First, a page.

Genetic exchange across a species boundary in the Archaeal genus Ferroplasma

Eppley, John M., Tyson, Gene W., Getz, Wayne M. and Banfield, Jillian F. (2007) Genetic exchange across a species boundary in the Archaeal genus Ferroplasma. Genetics, 177 1: 407-416. doi:10.1534/genetics.107.072892

Author Eppley, John M.
Tyson, Gene W.
Getz, Wayne M.
Banfield, Jillian F.
Title Genetic exchange across a species boundary in the Archaeal genus Ferroplasma
Journal name Genetics   Check publisher's open access policy
ISSN 0016-6731
Publication date 2007-09-01
Year available 2007
Sub-type Article (original research)
DOI 10.1534/genetics.107.072892
Open Access Status Not yet assessed
Volume 177
Issue 1
Start page 407
End page 416
Total pages 10
Place of publication Austin, Texas, U.S.
Publisher Genetics Society of America
Language eng
Subject 0305 Organic Chemistry
0304 Medicinal and Biomolecular Chemistry
06 Biological Sciences
0603 Evolutionary Biology
Abstract Speciation as the result of barriers to genetic exchange is the foundation for the general biological species concept. However, the relevance of genetic exchange for defining microbial species is uncertain. In fact, the extent to which microbial populations comprise discrete clusters of evolutionarily related organisms is generally unclear. Metagenomic data from an acidophilic microbial community enabled a genomewide, comprehensive investigation of variation in individuals from two coexisting natural archaeal populations. Individuals are clustered into species-like groups in which cohesion appears to be maintained by homologous recombination. We quantified the dependence of recombination frequency on sequence similarity genomewide and found a decline in recombination with increasing evolutionary distance. Both inter- and intralineage recombination frequencies have a log-linear dependence on sequence divergence. In the declining phase of interspecies genetic exchange, recombination events cluster near the origin of replication and are localized by tRNAs and short regions of unusually high sequence similarity. The breakdown of genetic exchange with increasing sequence divergence could contribute to, or explain, the establishment and preservation of the observed population clusters in a manner consistent with the biological species concept.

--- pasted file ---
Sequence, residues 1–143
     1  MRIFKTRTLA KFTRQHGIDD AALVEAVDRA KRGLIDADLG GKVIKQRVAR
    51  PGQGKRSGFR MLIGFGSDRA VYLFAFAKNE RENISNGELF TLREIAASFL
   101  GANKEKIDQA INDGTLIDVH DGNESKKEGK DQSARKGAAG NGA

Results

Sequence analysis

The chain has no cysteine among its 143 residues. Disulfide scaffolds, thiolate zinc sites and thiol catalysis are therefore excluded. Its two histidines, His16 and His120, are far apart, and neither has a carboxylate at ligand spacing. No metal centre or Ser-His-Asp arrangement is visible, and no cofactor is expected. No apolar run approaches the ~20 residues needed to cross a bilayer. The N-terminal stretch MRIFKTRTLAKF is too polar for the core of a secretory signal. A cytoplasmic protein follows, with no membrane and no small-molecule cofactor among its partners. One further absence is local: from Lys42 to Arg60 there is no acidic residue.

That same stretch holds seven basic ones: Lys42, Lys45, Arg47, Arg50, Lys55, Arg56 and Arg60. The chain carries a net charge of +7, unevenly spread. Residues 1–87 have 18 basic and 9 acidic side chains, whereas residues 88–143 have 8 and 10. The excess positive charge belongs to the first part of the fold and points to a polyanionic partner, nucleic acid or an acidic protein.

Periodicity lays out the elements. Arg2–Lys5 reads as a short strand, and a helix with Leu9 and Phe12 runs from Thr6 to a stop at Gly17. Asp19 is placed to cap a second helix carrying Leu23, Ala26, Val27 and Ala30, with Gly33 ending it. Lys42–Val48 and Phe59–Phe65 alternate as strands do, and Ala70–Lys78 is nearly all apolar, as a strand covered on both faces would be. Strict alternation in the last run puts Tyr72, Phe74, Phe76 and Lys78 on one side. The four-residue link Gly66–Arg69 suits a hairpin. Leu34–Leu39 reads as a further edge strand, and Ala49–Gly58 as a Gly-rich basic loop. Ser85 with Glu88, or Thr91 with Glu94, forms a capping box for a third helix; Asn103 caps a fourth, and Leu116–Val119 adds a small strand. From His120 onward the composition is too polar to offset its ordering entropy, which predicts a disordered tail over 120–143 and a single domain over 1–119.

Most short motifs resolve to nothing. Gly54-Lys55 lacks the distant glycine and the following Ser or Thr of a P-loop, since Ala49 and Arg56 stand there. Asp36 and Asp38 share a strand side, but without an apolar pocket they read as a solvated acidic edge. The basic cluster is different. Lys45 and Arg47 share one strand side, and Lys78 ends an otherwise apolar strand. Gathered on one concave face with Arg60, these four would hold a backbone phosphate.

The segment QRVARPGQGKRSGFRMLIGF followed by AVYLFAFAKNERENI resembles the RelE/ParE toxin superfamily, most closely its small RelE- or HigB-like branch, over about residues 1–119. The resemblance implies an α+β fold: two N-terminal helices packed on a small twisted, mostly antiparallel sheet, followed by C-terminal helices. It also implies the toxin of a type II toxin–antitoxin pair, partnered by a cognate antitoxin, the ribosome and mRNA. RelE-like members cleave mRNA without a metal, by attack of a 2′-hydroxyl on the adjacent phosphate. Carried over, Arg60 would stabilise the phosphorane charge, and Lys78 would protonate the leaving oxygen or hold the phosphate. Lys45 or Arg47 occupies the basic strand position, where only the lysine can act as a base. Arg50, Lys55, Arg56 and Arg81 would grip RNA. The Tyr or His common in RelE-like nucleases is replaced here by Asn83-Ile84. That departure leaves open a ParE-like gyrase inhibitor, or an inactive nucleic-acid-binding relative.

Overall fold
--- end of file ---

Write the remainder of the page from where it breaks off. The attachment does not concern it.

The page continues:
Keyword Genes
Q-Index Code C1
Institutional Status Non-UQ

Document type: Journal Article
Sub-type: Article (original research)
Collections: Excellence in Research Australia (ERA) - Collection
School of Chemistry and Molecular Biosciences
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Created: Tue, 22 Dec 2009, 20:05:22 EST by Macushla Boyle on behalf of Faculty of Science